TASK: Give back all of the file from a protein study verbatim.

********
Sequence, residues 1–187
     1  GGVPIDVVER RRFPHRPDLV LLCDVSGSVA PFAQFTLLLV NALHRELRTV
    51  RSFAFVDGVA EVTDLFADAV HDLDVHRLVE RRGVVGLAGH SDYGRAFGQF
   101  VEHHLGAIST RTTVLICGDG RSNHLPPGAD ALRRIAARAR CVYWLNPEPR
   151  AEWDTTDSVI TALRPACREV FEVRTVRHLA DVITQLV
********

Sequence, residues 1–187
     1  GGVPIDVVER RRFPHRPDLV LLCDVSGSVA PFAQFTLLLV NALHRELRTV
    51  RSFAFVDGVA EVTDLFADAV HDLDVHRLVE RRGVVGLAGH SDYGRAFGQF
   101  VEHHLGAIST RTTVLICGDG RSNHLPPGAD ALRRIAARAR CVYWLNPEPR
   151  AEWDTTDSVI TALRPACREV FEVRTVRHLA DVITQLV